About Us

We’re a family-run farm located near Blackwaterfoot on the Isle of Arran. Sitting at the top of a hill, we enjoy spectacular views over the Kilbrannan Sound, over to the Kintyre Peninsula.

As well as rearing animals and growing barley, we offer farm tours, experiences, and self-catering accommodation for visitors to the island.

The Currie family

Donald and Ailsa are the sixth generation of the Currie family to farm on Arran – and their sons Donald Junior and Andrew will be the seventh.

The family and their team care for the animals they rear, whilst welcoming visitors from far and wide to learn more about Arran, the food the land produces and how to take care of the animals.

The Currie family

Our journey

Sunset from Bellevue Farm, Arran

The Currie family have been farming on this island for six generations – farming is what we do. We want to welcome people onto our land to help them learn more about how farming works, give an insight into our life and encourage people to find out about where their food comes from.

Customers at the Bellevue Farm farmer's market, Arran

Farm to fork is an extension of what we do here at the farm. We’re engaging with other food producers on the island to host regular Farmer’s Markets. We want people who live on Arran and visit Arran to enjoy the vast range of freshly grown island produce we have to offer.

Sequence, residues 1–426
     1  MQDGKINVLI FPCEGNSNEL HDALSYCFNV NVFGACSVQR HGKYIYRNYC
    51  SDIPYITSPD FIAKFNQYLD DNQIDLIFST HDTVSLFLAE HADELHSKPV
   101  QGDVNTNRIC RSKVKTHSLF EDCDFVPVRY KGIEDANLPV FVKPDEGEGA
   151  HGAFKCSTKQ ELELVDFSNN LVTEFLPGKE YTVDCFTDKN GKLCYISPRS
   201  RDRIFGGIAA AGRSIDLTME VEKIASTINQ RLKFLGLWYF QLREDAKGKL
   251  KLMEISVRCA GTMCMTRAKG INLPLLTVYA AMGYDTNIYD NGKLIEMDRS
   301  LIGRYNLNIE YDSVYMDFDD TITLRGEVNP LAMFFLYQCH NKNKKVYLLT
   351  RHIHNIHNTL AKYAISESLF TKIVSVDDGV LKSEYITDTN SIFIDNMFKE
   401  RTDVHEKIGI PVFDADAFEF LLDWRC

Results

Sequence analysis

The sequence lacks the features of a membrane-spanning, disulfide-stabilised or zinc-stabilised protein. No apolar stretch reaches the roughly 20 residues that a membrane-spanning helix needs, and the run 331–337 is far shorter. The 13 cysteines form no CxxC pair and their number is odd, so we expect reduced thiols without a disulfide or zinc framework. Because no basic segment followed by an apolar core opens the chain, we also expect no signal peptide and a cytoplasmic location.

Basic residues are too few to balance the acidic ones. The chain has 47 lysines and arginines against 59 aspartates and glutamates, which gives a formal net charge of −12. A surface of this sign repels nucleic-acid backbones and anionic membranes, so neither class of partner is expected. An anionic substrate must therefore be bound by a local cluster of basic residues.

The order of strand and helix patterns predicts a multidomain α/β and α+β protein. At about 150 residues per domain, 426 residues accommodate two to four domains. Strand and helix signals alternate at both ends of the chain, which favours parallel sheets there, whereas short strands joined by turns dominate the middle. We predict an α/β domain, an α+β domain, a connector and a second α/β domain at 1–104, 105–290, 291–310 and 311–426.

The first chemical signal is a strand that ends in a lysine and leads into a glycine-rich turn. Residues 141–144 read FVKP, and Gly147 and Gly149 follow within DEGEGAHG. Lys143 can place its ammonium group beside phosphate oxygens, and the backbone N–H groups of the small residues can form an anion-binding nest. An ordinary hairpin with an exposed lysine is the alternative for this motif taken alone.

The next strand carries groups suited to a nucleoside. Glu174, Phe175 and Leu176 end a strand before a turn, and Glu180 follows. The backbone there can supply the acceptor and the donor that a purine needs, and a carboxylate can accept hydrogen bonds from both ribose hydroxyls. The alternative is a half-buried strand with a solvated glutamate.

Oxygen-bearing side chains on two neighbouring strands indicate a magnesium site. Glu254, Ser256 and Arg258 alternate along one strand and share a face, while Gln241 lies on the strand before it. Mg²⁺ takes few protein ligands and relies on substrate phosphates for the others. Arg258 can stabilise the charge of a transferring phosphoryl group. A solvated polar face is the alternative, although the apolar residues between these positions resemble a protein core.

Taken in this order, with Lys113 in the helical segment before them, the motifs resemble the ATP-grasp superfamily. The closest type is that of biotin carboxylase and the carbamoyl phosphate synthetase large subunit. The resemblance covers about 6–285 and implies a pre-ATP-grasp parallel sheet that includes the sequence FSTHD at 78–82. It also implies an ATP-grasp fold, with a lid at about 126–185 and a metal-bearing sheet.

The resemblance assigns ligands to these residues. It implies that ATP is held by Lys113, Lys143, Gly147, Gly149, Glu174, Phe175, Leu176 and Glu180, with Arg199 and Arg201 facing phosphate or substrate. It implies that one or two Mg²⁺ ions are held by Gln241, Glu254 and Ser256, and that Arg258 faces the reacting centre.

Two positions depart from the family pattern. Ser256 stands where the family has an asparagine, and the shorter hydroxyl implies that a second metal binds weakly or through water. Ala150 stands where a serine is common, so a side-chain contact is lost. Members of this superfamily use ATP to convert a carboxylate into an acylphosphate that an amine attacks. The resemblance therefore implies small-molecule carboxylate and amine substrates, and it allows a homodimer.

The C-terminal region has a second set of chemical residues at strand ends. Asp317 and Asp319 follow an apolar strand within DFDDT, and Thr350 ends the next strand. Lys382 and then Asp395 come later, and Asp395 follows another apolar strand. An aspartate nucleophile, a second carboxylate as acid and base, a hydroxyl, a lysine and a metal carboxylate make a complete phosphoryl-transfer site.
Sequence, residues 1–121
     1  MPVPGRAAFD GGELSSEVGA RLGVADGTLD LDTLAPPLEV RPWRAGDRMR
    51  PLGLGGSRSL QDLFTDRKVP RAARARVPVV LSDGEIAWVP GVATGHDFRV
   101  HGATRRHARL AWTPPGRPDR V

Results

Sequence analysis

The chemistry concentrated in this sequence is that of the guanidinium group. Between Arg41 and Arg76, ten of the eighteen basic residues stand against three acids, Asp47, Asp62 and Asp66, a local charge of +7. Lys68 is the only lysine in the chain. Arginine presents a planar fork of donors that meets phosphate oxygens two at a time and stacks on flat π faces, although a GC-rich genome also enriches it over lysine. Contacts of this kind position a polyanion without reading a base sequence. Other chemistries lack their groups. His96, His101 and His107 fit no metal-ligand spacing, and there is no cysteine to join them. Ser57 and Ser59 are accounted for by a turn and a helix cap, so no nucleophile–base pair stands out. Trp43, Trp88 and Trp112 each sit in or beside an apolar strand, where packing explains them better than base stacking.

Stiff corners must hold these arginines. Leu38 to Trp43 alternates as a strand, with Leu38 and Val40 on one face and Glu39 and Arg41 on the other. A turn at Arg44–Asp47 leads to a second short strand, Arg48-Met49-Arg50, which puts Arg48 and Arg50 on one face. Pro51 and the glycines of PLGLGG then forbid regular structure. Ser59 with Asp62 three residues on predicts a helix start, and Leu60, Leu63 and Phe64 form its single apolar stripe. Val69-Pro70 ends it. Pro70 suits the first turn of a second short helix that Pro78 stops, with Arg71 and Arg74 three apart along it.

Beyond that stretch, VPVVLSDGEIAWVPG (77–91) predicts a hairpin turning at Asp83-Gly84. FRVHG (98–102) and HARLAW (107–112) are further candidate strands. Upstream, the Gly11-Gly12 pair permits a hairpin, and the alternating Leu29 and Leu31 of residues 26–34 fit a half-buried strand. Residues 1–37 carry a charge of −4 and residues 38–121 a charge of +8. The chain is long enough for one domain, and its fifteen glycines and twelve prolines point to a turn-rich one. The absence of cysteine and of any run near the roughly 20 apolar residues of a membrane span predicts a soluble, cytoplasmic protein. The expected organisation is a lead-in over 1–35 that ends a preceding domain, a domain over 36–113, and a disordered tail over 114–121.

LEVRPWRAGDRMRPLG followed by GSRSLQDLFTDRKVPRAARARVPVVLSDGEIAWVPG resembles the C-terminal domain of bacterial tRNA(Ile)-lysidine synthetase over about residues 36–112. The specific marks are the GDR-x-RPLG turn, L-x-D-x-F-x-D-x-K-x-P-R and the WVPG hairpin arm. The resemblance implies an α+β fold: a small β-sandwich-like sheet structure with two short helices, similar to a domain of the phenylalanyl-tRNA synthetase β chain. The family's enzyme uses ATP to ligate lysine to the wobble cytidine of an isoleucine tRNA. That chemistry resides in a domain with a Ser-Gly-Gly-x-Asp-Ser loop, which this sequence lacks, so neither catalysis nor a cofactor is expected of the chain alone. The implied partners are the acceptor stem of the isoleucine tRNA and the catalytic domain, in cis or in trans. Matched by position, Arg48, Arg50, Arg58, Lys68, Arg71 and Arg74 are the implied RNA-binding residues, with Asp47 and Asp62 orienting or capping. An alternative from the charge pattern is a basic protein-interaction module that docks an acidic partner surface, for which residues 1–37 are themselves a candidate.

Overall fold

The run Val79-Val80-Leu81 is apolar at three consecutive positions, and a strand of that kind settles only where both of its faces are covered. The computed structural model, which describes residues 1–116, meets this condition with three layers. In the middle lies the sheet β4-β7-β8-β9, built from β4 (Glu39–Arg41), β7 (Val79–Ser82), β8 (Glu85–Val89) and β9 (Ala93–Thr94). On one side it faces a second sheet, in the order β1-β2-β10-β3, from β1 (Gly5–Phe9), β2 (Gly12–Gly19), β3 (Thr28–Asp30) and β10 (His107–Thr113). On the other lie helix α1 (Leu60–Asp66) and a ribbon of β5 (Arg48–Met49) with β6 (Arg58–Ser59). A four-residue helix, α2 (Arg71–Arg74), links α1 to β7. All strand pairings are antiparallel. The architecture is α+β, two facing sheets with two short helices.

The Bellevue Farm barn, Arran

As part of our more recent journey, we have built a new a space for visitors to relax and enjoy refreshments. We also hire out the barn for private events, so more people can visit the farm and experience the great outdoors on the west coast of Arran.

Where we are

Visit Bellevue

Bellevue Farm
Blackwaterfoot
Isle of Arran
KA27 8EX

T 0044 (0)1770 860 251
M 07740 986803
bellevuefarmcottages@btinternet.com

The Calmac ferry to Arran

Travelling to Arran

There are two ferries to Arran. One from Ardrossan (which is just southwest of Glasgow City) to Brodick and another from Claonaig on the Kintyre Peninsula which comes into Lochranza. In Winter the Claonaig ferry leaves from Tarbert, near Loch Fyne. For ticket details and ferry times, please visit calmac.co.uk

Once you’re on the island, there are Stagecoach bus services throughout the year which cover the North of the island, the South and “the String” which runs through the centre of the island. You’ll also find a number of private taxi companies. For more information, please see the Visit Arran website.

Arran standing stones

About Arran

Arran is often referred to as Scotland in miniature. This is because it has a highlands, a lowlands, rolling valleys and high mountainous peaks. It’s a place that’s filled with celtic beauty, encircled with a glorious coastline.

If you’re visiting, you’ll find plenty to do on the island. We have history reaching back to the Iron age, castles, hill-walks, water-sports, fine dining, bars, festivals and fabulous independent stores.

We use cookies to give you the best experience we can. If you continue, we’ll assume you’re happy to receive all cookies from the website.